Today Holtug Kridtbrud is a recreational area, but from 1919-1972 the quarry was very productive. The quarry was abandoned in 1972 when chalk production moved south to Sigerslev. The remains of the factory were blown to pieces in 1977 during a military exercise. The production of limestone had moved to Boesdal Kalkbrud three years earlier.

Read more about the Limestone Landscape as a livelihood


You can see fossils of sharks, sea urchins and oysters at Holtug Kridtbrud. More than 65,5 million years ago Stevns was covered by sea, and the five m (15 ft) long sharks fought the 15 m (49 ft) long Mosasaur for food. Crocodiles and squids also hunted for food here.

Read more about when Stevns was covered by the sea


The chalky soil in the quarry is an oasis for rare plants such as the fern Common Moonwort. It doesn’t look like a fern because it only has two leaves. One leaf makes the photosynthesis while the other procreates. Holtug Kridtbrud is a conservation area and many plants here are protected.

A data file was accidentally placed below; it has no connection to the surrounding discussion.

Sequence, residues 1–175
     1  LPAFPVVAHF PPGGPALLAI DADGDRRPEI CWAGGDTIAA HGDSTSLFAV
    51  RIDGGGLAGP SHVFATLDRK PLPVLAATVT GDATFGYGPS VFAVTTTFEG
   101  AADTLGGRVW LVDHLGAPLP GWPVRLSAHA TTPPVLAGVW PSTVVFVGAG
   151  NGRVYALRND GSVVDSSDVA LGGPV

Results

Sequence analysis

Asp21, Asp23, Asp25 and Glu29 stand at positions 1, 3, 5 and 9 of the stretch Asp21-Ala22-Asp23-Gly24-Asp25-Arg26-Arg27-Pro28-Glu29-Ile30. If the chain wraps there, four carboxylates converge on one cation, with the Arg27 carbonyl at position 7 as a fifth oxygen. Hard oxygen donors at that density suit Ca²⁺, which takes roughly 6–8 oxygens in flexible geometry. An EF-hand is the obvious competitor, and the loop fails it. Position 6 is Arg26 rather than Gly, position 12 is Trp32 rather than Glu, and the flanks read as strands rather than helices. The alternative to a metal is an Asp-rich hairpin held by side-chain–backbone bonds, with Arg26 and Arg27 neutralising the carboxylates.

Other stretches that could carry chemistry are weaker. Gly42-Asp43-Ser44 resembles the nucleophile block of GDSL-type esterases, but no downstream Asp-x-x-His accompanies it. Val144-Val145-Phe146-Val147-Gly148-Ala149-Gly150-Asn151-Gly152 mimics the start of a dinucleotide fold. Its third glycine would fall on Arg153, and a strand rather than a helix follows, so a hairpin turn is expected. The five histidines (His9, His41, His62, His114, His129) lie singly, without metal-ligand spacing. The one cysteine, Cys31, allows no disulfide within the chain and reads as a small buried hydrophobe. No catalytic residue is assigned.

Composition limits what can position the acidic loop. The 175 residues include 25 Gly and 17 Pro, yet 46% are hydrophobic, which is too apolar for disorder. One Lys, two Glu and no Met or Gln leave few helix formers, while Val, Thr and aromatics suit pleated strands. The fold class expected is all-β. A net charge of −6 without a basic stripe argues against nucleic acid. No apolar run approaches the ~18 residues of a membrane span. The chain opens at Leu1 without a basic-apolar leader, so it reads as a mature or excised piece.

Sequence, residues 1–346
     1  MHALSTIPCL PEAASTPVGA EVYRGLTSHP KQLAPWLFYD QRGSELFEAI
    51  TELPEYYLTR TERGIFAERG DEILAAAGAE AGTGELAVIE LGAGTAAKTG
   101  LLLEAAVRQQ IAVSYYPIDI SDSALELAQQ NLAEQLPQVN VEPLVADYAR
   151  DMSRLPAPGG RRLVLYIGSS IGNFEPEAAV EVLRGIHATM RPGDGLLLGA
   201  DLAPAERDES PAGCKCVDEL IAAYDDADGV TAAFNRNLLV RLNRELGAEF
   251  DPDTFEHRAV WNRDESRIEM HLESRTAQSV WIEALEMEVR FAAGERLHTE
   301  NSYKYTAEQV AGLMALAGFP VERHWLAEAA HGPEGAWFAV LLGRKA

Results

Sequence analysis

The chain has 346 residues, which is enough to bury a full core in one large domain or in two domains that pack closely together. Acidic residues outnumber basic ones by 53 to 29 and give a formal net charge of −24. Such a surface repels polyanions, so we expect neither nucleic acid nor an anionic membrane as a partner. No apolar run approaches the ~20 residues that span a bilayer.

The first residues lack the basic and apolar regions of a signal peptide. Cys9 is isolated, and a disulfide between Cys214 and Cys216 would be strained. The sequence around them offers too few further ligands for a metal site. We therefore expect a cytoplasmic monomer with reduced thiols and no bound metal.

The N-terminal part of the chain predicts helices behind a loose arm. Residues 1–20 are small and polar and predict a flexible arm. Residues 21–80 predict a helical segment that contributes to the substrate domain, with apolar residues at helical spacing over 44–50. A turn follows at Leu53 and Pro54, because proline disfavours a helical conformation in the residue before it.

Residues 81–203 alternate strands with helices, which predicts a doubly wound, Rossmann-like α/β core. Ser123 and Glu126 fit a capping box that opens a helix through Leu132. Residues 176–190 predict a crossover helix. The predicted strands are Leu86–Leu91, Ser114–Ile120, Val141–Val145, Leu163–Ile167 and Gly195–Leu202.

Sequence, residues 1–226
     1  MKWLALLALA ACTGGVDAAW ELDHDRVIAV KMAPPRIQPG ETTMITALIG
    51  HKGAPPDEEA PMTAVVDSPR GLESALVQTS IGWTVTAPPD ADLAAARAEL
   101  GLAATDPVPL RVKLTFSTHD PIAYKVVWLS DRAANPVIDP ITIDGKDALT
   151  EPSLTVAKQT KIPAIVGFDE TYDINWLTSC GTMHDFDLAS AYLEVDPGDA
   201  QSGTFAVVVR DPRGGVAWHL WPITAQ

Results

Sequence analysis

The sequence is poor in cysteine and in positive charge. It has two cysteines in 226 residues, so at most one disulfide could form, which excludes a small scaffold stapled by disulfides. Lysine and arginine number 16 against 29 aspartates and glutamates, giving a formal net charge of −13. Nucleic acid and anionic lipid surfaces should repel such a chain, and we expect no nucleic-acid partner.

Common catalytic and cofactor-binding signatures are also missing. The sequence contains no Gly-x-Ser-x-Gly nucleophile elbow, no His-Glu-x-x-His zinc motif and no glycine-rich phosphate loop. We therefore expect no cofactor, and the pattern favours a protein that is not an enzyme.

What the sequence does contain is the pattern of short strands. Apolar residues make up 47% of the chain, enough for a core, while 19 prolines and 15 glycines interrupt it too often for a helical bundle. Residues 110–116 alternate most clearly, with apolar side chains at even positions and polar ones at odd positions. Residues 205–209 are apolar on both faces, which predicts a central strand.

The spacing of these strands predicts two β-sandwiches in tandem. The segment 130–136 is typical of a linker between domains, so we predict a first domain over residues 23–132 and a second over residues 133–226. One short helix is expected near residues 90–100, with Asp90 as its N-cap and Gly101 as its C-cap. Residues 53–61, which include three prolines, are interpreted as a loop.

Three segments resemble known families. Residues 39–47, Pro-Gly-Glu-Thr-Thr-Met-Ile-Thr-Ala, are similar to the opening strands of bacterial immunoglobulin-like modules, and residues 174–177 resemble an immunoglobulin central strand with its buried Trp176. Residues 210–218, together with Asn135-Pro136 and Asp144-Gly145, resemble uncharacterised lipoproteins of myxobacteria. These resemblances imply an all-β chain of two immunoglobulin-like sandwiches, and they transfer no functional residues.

Read more about plants along the cliff 

Holtug Chalk Quarry

Until 1972, limestone and chalk were extracted at the quarry, which is now a protected Natura 2000 area. In the pond in the abandoned chalk quarry, you can see protected crested newts and green frogs.

Rare plants grow in the limy soil, and you may find fossilised sea urchin, cuttlefish and shark teeth in the soft, white chalk. Also follow the winding path down to the shore of Oresund. Photo: Rudy Hemmingsen

Holtug Chalk Quarry, Holtug Linievej, 4660 Store Heddinge, Denmark

Opening hours
Holtug Chalk Quarry is always open to the public.

Public transport to Bøgeskov
On weekdays, get bus no. 253 from Køge Station to Holtug Kirke (church). From here, you can walk to Holtug Chalk Quarry.

Holtug Chalk Quarry belongs to the Danish Nature Agency. Day-to-day supervision is handled by Stevns Nature Centre.

Stevns Klint is a piece of living nature. Landslides and rock falls may occur all year round. Accordingly, it can be dangerous to walk near the edge of the cliff, and on the beach underneath the cliff.